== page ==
Cover by Maximiliano Firtman

Safari, the world’s most comprehensive technology and business learning platform.

Find the exact information you need to solve a problem on the fly, or go deeper to master the technologies and skills you need to succeed

Start Free Trial

No credit card required

O'Reilly logo

Chapter 10. Server-Side Browser Detection and Content Delivery

Until now, this book has only discussed the client side of mobile web development. Server-side development has an especially important part to play here, though, not only because of all we know about dynamic content generation, but because the server is the only place where we can easily make decisions about what content to send to which devices.

In this chapter we will look at device detection and content delivery, and introduce the creation of a content store. The server also manages the MIME types of content, a very important feature we need to define for good compatibility in the mobile world.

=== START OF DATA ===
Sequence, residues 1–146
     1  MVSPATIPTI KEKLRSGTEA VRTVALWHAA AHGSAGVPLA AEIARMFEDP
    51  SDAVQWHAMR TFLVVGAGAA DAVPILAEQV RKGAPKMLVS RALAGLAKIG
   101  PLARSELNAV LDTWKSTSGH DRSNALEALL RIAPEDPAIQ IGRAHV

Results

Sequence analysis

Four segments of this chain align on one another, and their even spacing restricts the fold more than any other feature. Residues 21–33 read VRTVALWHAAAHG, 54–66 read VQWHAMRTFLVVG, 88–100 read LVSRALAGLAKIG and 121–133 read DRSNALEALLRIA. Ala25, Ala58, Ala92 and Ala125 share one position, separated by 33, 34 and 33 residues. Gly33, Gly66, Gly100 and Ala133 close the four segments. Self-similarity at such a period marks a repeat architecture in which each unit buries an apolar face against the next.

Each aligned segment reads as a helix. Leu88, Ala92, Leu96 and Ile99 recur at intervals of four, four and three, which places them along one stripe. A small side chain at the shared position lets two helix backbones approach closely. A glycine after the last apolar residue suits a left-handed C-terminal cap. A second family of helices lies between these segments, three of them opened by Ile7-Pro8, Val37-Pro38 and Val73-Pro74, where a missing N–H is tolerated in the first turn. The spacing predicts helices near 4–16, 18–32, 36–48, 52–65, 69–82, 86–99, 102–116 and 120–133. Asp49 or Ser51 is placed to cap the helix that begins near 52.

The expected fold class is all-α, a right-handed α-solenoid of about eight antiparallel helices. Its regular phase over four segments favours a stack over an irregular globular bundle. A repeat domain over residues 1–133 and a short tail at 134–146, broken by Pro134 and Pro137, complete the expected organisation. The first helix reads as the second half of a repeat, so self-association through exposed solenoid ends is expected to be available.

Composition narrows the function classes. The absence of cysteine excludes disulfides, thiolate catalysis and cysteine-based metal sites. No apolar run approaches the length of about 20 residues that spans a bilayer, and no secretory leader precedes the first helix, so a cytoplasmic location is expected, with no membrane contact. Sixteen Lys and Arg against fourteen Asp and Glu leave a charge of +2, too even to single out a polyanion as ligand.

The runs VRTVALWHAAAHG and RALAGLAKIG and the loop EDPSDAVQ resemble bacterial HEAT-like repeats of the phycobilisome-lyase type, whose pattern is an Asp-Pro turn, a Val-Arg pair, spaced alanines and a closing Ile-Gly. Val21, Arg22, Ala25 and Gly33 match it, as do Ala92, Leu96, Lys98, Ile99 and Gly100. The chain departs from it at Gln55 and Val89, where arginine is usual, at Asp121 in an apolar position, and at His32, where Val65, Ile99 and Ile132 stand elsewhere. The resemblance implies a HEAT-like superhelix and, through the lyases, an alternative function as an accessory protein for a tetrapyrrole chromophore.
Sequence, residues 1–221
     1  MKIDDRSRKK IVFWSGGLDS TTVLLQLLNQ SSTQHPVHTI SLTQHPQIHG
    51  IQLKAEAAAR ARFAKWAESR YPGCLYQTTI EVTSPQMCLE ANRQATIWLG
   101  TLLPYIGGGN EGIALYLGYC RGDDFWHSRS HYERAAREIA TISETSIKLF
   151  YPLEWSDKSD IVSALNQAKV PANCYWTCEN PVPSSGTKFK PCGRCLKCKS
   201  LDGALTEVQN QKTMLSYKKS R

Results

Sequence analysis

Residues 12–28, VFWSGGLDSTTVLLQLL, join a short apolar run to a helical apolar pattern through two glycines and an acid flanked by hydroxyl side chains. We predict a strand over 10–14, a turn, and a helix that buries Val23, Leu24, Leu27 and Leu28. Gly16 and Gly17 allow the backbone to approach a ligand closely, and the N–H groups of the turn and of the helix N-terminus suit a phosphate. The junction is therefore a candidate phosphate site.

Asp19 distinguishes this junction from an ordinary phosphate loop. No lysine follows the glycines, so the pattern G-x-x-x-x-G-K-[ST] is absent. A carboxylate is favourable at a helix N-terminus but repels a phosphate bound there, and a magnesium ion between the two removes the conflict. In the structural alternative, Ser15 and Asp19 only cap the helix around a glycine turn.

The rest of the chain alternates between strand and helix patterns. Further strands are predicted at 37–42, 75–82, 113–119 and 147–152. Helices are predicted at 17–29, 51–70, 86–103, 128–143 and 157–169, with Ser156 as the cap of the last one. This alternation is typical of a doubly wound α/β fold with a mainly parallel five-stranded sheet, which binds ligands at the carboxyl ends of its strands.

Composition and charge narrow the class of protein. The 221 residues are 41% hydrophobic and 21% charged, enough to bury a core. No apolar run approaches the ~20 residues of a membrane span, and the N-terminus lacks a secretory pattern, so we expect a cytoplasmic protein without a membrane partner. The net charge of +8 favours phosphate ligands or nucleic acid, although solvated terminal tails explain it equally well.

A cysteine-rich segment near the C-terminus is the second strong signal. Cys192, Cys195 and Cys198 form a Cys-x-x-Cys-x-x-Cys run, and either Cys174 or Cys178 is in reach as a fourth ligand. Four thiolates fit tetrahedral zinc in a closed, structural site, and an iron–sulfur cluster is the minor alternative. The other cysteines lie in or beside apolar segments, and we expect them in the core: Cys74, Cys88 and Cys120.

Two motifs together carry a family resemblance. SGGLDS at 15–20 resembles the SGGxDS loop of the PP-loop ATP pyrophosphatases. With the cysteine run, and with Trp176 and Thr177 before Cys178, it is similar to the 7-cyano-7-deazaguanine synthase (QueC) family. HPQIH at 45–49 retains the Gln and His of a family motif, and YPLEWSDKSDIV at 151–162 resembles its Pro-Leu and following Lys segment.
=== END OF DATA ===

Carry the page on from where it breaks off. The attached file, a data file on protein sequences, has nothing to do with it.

Note

We can use any server-side platform, server, and/or programming language. For the purposes of clarity our samples will use PHP, although this chapter will provide short tips for ASP.NET and Java as well. You can easily export these techniques to any other server platform.

Mobile Detection

Before talking about detection of mobile devices and services on the server, we need to go back a bit and consider an old friend: the HyperText Transfer Protocol, also known as HTTP. Knowing a bit about its internals will help us determine what we can do in terms of mobile web development.

Note

There are no special server requirements for mobile websites; you can just use the same Apache, Internet Information Server (IIS), or other server you are currently using for desktop websites.

HTTP

HTTP is a protocol originally defined in 1991 for document ...

Find the exact information you need to solve a problem on the fly, or go deeper to master the technologies and skills you need to succeed

Start Free Trial

No credit card required